Rose’s husband, Randy, had Broca’s aphasia. She talks about the frustration of taking over all the household duties and not having access to passwords.
My name is Rose Miller, my husband is Randy. We are from the St. Louis area in Missouri.
My husband had a stroke three years ago. All the responsibility falls on me, I did nothing with the money aspect, the investments, retirement plan, he handled all of that. While I might have wrote the checks, you know ‘yeah the money’s there’. So all of that financial responsibility, all the work - he did everything… I didn’t do that much. We both cleaned house, but we both worked full-time jobs. We kind of combined that, but he did all the outside work. Even with just aphasia he would have not been able to do any of that. It kind of all fell on me. Anything went wrong I’d be like… what do I do?
So then, what advice would you have for somebody who sees sort of that dynamic shift in such a drastic way all of a sudden, what would you say to them?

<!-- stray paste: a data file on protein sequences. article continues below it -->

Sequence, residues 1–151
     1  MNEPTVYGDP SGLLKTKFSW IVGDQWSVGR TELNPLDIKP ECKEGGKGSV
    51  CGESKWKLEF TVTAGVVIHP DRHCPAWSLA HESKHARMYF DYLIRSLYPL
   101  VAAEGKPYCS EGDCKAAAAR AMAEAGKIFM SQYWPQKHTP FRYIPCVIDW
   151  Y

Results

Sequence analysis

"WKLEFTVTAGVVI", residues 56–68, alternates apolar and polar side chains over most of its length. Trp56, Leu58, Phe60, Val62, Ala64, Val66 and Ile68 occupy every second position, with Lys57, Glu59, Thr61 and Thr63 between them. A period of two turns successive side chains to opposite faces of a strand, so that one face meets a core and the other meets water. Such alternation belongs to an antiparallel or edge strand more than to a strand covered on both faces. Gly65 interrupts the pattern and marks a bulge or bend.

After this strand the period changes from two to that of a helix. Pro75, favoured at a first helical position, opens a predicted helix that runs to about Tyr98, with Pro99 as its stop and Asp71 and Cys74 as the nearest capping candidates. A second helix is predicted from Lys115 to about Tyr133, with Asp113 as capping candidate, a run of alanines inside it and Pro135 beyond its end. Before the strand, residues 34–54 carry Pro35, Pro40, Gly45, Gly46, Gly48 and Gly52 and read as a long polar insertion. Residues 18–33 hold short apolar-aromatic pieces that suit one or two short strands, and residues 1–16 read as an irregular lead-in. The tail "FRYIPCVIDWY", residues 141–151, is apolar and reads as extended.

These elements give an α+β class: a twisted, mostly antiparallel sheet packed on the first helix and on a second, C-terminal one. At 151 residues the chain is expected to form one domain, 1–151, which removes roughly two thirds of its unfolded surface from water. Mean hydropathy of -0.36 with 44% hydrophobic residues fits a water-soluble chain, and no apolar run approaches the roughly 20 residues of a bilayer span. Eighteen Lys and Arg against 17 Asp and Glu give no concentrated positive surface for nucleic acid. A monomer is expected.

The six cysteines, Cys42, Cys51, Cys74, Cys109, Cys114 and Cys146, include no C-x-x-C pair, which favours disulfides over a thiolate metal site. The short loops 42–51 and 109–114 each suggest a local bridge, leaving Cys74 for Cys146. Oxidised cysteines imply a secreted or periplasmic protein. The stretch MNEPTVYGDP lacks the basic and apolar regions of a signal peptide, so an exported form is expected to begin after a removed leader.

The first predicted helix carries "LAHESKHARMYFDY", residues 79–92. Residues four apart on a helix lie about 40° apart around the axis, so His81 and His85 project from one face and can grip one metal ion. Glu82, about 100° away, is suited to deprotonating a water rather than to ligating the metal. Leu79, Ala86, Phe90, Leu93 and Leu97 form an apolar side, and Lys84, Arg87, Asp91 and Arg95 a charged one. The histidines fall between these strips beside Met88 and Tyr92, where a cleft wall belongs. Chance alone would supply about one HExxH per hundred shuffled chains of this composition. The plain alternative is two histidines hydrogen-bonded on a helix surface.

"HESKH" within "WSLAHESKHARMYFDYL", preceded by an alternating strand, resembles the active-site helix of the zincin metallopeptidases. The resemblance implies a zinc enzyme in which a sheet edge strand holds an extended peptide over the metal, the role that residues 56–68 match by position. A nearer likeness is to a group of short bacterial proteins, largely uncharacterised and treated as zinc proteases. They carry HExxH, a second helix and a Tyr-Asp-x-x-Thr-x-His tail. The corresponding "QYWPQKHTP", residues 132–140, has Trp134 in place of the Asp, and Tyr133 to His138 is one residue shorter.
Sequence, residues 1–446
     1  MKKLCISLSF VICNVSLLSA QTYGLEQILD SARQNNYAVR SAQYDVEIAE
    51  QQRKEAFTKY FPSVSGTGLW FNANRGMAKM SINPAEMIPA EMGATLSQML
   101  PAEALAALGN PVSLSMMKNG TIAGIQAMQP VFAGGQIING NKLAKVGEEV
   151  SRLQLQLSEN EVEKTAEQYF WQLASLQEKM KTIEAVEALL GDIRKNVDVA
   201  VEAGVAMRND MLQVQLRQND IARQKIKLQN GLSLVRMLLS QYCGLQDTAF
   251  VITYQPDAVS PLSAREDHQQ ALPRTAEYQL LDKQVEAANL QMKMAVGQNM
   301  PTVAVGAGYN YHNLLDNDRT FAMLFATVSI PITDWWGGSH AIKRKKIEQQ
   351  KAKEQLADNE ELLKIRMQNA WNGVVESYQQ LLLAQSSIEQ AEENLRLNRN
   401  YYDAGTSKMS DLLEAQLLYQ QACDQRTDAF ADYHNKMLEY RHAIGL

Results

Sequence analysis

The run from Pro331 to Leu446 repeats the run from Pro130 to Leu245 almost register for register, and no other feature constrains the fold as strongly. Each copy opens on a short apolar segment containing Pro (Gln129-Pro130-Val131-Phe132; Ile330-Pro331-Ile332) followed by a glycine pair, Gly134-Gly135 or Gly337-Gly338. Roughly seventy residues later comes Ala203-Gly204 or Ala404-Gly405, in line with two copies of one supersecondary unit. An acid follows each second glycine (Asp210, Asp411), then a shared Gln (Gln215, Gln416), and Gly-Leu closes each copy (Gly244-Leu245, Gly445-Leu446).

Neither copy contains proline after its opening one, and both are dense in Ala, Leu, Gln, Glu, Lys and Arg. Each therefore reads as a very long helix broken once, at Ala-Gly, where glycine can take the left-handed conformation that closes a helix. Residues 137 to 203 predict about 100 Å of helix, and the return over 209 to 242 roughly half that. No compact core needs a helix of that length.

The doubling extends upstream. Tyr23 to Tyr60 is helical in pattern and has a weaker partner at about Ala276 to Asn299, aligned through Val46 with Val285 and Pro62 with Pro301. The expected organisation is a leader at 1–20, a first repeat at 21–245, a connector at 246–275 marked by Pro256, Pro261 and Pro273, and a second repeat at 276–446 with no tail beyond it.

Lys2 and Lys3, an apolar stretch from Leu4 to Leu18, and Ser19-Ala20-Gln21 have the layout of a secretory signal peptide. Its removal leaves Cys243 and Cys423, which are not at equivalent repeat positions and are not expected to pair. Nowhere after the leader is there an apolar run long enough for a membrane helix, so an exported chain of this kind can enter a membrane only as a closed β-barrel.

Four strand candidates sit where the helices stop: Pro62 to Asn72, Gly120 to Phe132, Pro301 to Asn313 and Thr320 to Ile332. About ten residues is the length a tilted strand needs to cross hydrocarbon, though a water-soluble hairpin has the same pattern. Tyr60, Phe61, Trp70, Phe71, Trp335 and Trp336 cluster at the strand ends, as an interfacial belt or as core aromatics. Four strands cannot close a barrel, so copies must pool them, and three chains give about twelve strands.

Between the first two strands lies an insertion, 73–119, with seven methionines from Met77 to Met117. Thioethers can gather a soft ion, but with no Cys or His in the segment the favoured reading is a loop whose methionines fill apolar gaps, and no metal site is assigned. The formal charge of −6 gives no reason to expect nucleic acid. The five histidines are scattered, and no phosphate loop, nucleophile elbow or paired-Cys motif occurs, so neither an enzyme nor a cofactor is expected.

My best advice for any couple, any couple - I don’t care if it’s aphasia or not is to know each other’s passwords. I had the worst time trying to figure out passwords - he couldn’t tell me. My son actually would have to get on the phone and act like him and say ‘I forgot my password’. I would call places and we had our own separate credit cards and he had a couple business ones. I would call them and say ‘I need to figure out how to pay this bill’. He took care of his own and I just didn’t do it. He was the president a non-profit company, so I had all of those issues going on and they, nobody wanted to talk to me and I said “well if you want this bill paid, somebody needs to talk to me because he can’t do it.”